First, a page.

Dietary fiber may cut preeclampsia risk

By increasing the amount of fiber in the diet during early pregnancy, the risk of preeclampsia in later pregnancy falls, according to a report in the American Journal of Hypertension.

The results suggest that a higher amount of dietary fiber achieves this effect, at least in part, by reducing pregnancy-associated elevated blood fats, Dr. Chunfang Qiu, from the Swedish Medical Center in Seattle, Washington, and colleagues state.

Preeclamspia is a potentially serious condition that occurs in pregnancy characterized by a spike in blood pressure, protein in the urine and an increase risk of having an infant to be born prematurely.

There is considerable epidemiologic evidence for a reduced risk of high blood pressure with diets that are high in fiber, the authors note. However, relatively few studies have focused on the impact that dietary fiber during early pregnancy has on the risk of developing preeclampsia.

The investigators used a food-frequency survey conducted with 1,538 pregnant Washington State residents. The women’s diets were assessed for fiber content 3 months before pregnancy and during the first trimester.

After analyzing the data, the researchers found that women with the highest amounts of fiber in their diets (21.2 grams or more per day) during both assessment periods were 72 percent less likely to develop preeclampsia than those with the lowest levels (less than 11.9 grams per day).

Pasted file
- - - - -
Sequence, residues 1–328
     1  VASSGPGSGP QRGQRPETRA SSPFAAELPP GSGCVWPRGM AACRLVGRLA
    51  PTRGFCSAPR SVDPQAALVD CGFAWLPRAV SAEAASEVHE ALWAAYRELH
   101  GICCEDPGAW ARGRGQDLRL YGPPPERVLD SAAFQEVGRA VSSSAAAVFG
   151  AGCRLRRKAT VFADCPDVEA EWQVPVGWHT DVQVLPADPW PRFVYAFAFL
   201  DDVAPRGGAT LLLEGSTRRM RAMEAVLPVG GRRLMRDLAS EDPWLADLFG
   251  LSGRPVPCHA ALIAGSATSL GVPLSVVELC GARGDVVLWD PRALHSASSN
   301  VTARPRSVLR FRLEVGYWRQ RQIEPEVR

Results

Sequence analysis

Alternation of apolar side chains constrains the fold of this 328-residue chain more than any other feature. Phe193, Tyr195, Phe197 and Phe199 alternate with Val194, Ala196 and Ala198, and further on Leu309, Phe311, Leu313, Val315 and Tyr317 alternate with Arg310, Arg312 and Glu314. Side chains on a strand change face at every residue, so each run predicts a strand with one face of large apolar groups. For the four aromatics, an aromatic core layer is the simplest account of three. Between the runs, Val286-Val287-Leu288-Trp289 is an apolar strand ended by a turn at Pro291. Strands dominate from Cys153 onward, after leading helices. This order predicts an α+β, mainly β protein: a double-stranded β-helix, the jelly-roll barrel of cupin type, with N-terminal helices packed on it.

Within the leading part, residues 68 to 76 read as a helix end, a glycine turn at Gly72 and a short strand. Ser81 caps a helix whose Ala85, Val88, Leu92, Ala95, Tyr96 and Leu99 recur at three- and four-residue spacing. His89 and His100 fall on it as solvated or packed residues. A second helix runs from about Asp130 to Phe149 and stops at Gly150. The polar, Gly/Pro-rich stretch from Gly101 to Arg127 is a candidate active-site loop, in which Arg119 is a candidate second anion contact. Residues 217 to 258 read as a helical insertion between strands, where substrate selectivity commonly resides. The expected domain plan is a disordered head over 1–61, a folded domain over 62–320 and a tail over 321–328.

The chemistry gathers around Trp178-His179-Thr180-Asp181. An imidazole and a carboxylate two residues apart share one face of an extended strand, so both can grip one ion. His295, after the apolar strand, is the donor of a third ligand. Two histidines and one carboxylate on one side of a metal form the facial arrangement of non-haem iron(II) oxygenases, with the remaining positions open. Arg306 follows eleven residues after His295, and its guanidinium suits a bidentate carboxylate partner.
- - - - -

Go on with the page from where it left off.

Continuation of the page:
Similar associations were seen when the researchers restricted the analysis to consumption of water-soluble fiber or insoluble fiber.

Blood fat profiles also improved with high fiber intake. Those with the highest levels of fiber consumption had average triglyceride levels that were lower and HDL-cholesterol levels that were higher compared with women with the lowest levels of dietary fiber.

“Taken together with previously published literature, these results suggest important health benefits of increased fiber consumption before and during early pregnancy. If confirmed by other studies, our findings may motivate increased efforts aimed at exploring lifestyle approaches, particularly dietary approaches, to lower the risk of preeclampsia,” the authors conclude.

SOURCE: American Journal of Hypertension, July 17, 2008 online issue

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